Mascots: Nightmare Fuel

posted on 4/22/13


Baseball Mascots: They get the crowd pumped for the game, they rally the home crowd for a come-back and dance a jig when victory is obtained, but sometimes, what they are, (whatever they are), is sometimes so distracting and upsetting that it’s positively disturbing on an emotional level.

Mascots are characters that is thought to bring good luck, be it an animal, person, or strange being. The term itself comes from French origins “mascotte” which means a charm. In the sports realm, the mascot is a Symbol of the team’s swagger and confidence in addition to being the team’s ambassador to the crowd and the world, the mascot is also used for advertising, merchandising and general promotional ventures for the team.

The first mascot is relatively unknown and debatable; the common theory the concept goes back to medieval even prehistoric times, as mascots are essentially being the modern version of a people or tribe’s animal spirit or totem, rallying fighters to battle. According to, the Chicken of the San Diego Padres was first recognizable modern sports mascot, who began his antics in 1970s.

Despite their shadowy origins, mascots remains the teams’ most dedicated fans. They are the leader of the cheerleaders, and a striking visual force that brings a team together. Throughout the history of sports, the mascots, with their stitched grin and wide bugging eyes makes remember it’s the fun is why we come together, the competition is a joke to the mascots as they spins and dances and overly exaggerate their emotional reaction to plays, it also reminds us what we’re supposed to be feeling when we watch and why. What makes a great mascot is many things, exuberance, creativity, emotional connection with the crowd, and of course, spunk. Without the plucky spunk of the mascots, the wide gestures and theatrical flourishes, you’re just some dude in a fursuit hanging out at the ballpark getting stinky. There have been highs and lows in the field of the mascot (below we’ll go through some of lows) but one thing is for certain, the mascot is there not for himself, or even the team, he’s there for you. For you to watch, get excited, get upset and generally channel your emotions through the mascot’s bizarre activity and presence, so even as we sometimes loathe you, hats off to the mascots, they’ve got the hardest job on the field!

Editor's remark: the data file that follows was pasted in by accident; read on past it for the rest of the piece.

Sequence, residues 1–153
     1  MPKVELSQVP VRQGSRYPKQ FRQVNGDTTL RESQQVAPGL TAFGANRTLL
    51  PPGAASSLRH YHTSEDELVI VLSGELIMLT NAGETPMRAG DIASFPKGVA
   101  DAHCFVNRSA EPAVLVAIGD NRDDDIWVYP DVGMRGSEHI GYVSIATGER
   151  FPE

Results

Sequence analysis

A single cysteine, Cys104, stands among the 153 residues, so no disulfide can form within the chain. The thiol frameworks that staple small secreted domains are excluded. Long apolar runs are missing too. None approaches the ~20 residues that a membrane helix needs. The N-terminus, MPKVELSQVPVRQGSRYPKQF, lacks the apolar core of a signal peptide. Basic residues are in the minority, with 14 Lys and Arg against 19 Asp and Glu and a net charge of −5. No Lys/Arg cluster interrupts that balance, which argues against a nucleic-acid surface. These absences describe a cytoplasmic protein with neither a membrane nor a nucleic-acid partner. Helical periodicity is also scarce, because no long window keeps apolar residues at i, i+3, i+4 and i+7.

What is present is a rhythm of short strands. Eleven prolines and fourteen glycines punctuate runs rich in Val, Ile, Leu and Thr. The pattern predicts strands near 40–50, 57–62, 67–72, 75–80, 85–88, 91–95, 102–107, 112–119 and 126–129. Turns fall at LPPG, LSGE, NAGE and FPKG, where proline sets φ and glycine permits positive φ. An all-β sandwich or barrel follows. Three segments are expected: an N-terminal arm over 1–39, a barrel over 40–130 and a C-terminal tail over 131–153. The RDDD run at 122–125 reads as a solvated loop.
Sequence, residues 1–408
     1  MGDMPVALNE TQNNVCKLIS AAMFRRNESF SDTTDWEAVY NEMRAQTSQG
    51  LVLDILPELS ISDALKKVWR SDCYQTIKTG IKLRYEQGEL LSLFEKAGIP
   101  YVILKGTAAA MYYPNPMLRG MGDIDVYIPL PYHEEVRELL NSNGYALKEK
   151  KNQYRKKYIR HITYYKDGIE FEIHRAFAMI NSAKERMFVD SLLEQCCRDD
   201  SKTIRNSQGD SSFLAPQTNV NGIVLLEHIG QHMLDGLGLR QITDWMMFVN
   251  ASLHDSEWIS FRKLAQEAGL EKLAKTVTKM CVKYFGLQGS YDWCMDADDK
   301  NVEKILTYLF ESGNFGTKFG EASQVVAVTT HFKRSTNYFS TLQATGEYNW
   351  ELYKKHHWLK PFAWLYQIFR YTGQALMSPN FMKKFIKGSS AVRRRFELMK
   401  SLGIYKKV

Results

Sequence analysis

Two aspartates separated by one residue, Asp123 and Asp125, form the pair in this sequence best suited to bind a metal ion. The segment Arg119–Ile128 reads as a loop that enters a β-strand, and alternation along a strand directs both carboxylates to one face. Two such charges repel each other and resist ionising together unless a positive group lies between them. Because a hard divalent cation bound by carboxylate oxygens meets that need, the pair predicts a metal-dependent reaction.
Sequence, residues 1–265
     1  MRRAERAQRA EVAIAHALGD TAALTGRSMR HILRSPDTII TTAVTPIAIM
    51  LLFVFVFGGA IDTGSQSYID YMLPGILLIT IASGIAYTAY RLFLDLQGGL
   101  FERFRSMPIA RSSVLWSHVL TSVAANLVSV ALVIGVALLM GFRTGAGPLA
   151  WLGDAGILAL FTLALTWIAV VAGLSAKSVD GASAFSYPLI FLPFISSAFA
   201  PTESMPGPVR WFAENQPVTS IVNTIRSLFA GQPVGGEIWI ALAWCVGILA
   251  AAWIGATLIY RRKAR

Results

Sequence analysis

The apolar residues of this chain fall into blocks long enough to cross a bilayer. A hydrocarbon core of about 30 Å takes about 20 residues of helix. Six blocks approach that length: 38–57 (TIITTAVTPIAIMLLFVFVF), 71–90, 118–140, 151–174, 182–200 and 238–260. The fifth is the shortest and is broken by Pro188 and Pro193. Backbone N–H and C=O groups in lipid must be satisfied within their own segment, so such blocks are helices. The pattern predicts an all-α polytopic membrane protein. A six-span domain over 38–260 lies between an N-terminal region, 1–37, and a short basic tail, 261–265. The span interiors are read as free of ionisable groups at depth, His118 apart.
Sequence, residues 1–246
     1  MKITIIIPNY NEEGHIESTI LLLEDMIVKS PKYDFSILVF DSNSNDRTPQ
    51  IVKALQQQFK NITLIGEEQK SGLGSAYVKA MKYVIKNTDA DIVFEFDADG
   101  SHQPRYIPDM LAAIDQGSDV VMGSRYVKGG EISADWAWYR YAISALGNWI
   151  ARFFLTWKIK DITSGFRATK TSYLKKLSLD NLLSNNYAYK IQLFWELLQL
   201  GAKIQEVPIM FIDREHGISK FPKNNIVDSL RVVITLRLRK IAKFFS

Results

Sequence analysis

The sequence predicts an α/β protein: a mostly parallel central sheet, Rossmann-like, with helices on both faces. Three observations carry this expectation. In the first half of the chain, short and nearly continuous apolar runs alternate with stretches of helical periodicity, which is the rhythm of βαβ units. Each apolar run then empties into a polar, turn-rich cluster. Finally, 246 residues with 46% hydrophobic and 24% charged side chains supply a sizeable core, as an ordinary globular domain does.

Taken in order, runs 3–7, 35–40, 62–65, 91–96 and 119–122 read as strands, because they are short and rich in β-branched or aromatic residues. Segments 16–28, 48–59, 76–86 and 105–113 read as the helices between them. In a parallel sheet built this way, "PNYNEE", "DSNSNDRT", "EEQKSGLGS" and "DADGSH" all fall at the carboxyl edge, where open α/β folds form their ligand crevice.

For more great mascots, check out Bofa D’s great site
Trolley Dodgers, Pinstriped Yankees, and Wearing Red Sox: How MLB Teams Got Their Names

Mr Red (Cincinnati)
mr red

Those tiny eyes make me feel sick!

Oriole Bird (Baltimore)

I wouldn’t pose with a bird that don’t have lips

Phillies Phanatic (Philadelphia)

This mascot isn’t even anything real

Pirate Parrot (Pittsburgh)

Screaming birds always get my blood rushing for my home team!

Rangers Captain (Texas)

Horse face here just makes me sick

Fredbird (St. Louis).

Again a screaming bird rallies the home team for the win!

T. C. the Bear (Minnesota)

This character is simply foul

Wally the Green Monster (Boston)

This guy here isn’t a creature but simply a bubbly jerk

Crazy Crab (San Francisco)

This looks like something straight from Satan’s mind

Yankees Dandy (NY)

This dandy looks so nasty, I can smell him through my screen

Buffalo Bell (Orix Buffaloes)

What is this?

Copperhead (Southern Ohio)

Simply Terrifying

The San Diego Chicken (San Diego)

Don’t get up, I’m already nervous buddy

Belle, The Ballpark Diva (Buffalo)

This ain’t your living room Belle, you can’t be “The Ballpark Diva” looking this basic

Splash (Myrtle Beach)

I don’t like anyone, especially pelicans, grinning in my face

Sluggerrr (Kansas City)

This jerk right here looking like Bart Simpson

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